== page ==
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Robotic surgery

  • Back on track: Life after robotic-assisted prostate surgery

Back on track: Life after robotic-assisted prostate surgery

Allan PolleyAt 6 a.m. on January 14 — the day after an intensive operation to remove his entire prostate gland and 12 pelvic lymph nodes — Allan Polley got out of his bed at Community Hospital of the Monterey Peninsula and walked four laps around the nursing unit.

Polley went home that same afternoon and took one Tylenol® before bed that night. A month later, with his successful surgery for prostate cancer behind him, he was going for regular hikes and making plans to resume running and playing golf and to return to his hobby, dog-agility training.

The retired Marine lieutenant colonel said his experience was smooth and without significant pain, thanks to a highly skilled surgeon using state-of-the-art technology. Dr. Harsha R. Mittakanti performed the operation, a radical prostatectomy and bilateral pelvic lymph node dissection, through robotic-assisted surgery with the da Vinci Xi surgical system.

“I just feel so fortunate that the medical community was able to make this kind of treatment available to me,” Polley says.

Community Hospital began offering robotic-assisted surgery in late 2019. Mittakanti and three other surgeons perform surgeries with the da Vinci Xi robot. During robotic surgery, the surgeon is in full control, operating from a console about 10 feet away from the patient, while the rest of the surgical team is at the bedside.

“Robotic surgery is a fusion of both laparoscopic and ‘open’ surgical techniques, where a surgeon can have precision and control combined with the smallest incisions possible,” says Mittakanti, a urologic surgeon and medical director of the robotic-assisted surgery program at Community Hospital. “Robotic surgery provides me with a superior field of vision — an ultra high-definition, 3-D view of all the organs, blood vessels, and nerves in the abdomen and pelvis.

“The arms of the robot mimic my hand and wrist movements exactly, allowing me to operate as if my own hands were inside the body. Essentially, I can move my hands in and out, grasp things, and move my wrists in all different directions.”

The small incisions can result in less blood loss, faster recovery, and less pain, meaning less need for narcotic pain relief. Polley says he took four Tylenol tablets on his second day at home and hasn’t needed any since.

Polley’s high-risk cancer was diagnosed after a sky-high prostate-specific antigen (PSA) test score raised concern. Subsequent tests — blood analysis, two MRIs, a bone scan, and a biopsy — confirmed a problem that needed to be addressed.

His urologist, Dr. Andrea Chan, recommended he see Mittakanti, her colleague at Montage Medical Group, to discuss robotic-assisted surgery. The technology enables precise removal of the prostate, and is effective at sparing nerves attached to the prostate gland that are crucial to sexual function.

Mittakanti spent six years at Stanford University, where he trained in traditional open surgery, laparoscopic surgery, and robotic surgery.

“By the time I came out of Stanford, I felt like robotic surgery was my niche, and I decided to follow my passion,” he says.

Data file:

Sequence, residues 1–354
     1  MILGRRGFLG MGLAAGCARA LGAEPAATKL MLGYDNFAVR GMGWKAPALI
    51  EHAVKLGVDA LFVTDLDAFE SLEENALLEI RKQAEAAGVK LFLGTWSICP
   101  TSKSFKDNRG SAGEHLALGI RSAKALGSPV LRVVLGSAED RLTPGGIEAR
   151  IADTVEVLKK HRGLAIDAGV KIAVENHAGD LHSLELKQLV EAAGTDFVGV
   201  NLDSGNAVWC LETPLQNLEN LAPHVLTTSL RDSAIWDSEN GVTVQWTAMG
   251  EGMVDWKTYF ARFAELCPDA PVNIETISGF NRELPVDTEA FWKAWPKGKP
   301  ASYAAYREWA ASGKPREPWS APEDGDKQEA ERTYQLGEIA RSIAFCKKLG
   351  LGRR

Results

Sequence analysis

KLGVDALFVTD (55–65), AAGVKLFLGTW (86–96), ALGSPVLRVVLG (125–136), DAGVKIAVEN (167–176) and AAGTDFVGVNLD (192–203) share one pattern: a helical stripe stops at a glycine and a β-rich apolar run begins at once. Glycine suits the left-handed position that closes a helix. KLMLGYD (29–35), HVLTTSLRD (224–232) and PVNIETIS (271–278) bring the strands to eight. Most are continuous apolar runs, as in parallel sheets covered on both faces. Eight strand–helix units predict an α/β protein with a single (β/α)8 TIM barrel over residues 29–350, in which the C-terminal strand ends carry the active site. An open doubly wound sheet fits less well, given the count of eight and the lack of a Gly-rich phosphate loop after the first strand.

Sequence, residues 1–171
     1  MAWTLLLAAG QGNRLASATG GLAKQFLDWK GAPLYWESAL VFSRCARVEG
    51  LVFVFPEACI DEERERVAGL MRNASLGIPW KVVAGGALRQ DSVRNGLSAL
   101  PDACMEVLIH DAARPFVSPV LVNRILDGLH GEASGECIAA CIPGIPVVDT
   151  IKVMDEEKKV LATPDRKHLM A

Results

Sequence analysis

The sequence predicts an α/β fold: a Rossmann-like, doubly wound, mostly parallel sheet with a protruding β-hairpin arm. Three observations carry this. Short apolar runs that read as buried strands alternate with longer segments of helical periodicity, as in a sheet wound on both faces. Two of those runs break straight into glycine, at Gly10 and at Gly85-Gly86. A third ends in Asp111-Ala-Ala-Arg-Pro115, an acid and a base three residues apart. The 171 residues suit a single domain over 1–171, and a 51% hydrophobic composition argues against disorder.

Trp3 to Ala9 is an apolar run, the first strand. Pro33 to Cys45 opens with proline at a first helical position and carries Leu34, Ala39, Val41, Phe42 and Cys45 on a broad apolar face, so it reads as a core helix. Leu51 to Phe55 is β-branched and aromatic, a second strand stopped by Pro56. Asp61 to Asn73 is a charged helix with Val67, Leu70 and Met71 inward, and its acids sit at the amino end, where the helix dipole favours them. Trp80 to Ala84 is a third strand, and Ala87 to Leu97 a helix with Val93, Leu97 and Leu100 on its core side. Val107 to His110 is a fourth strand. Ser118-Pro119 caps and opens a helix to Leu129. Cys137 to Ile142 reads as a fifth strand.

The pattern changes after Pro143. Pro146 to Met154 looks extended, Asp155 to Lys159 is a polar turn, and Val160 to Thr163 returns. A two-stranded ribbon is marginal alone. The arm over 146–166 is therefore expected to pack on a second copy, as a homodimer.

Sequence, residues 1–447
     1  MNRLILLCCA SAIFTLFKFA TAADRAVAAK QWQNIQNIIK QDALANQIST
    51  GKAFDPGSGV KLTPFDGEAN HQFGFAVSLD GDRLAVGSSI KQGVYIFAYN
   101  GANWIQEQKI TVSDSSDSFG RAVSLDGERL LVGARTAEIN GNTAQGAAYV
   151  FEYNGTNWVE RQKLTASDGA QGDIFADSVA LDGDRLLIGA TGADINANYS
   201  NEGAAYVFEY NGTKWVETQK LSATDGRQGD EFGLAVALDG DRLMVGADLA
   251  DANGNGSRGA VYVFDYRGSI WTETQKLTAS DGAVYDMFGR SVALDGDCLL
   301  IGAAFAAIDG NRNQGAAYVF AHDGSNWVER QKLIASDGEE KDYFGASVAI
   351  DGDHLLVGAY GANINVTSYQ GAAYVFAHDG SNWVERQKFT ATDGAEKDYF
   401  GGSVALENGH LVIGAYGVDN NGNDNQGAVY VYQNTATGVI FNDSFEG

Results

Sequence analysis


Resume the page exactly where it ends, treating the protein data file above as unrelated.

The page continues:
Mittakanti then did an advanced robotic surgery fellowship at Swedish Medical Center in Seattle with Dr. James Porter, regarded as one of the world’s preeminent robotic surgeons.

“It was a high-volume, high-acuity training regimen for a full year. We basically were doing robotic surgery every day,” Mittakanti says. “That experience not only affirmed my love for robotic surgery, it also provided me with the ability to take on more challenging cases.”

Polley’s surgery revealed that 80 percent of his prostate was malignant, and the cancer had aggressively spread to 4 of the 12 lymph nodes that were removed with the gland. Mittakanti removed the prostate and lymph nodes, sparing nerves and with and only minimal alterations to Polley’s urethra. Polley says he has experienced virtually no urinary incontinence, which can be a side effect of prostatectomy.

“Whether a patient is a good candidate for robotic surgery depends on the patient, the surgeon, and the pathology,” Mittakanti says. “Allan was a lower surgical risk because he takes good care of himself. If, on the other hand, someone is very frail, or has other health problems, such as morbid obesity or heart and lung issues, it might not be the best course of action.”

Robotic surgery can be performed for most prostatectomies: Mittakanti estimates that about 80 percent are done robotically today.

At Community Hospital, robotic surgery is currently being used for urology and gynecology procedures. Urologic issues such as various types of cancer, urinary blockage from benign prostate hyperplasia (BPH), or even urinary reconstruction can be treated robotically. Robotic surgery for gynecologic ailments such as fibroids, endometriosis, and cancer is also offered.   

“We can use robotics on a cancerous kidney, which allows us to save most of the kidney in a lot of cases,” Mittakanti says. “Previously, it was common to take out the entire kidney because removing part of it was just too difficult.”

Polley’s current prognosis indicates he might not need radiation treatments or hormone therapy.

“I want people to know that I’ve been through prostate cancer and it’s not a death sentence,” he says. “I want to get the word out that this amazing treatment is available here, and it is a gift.”

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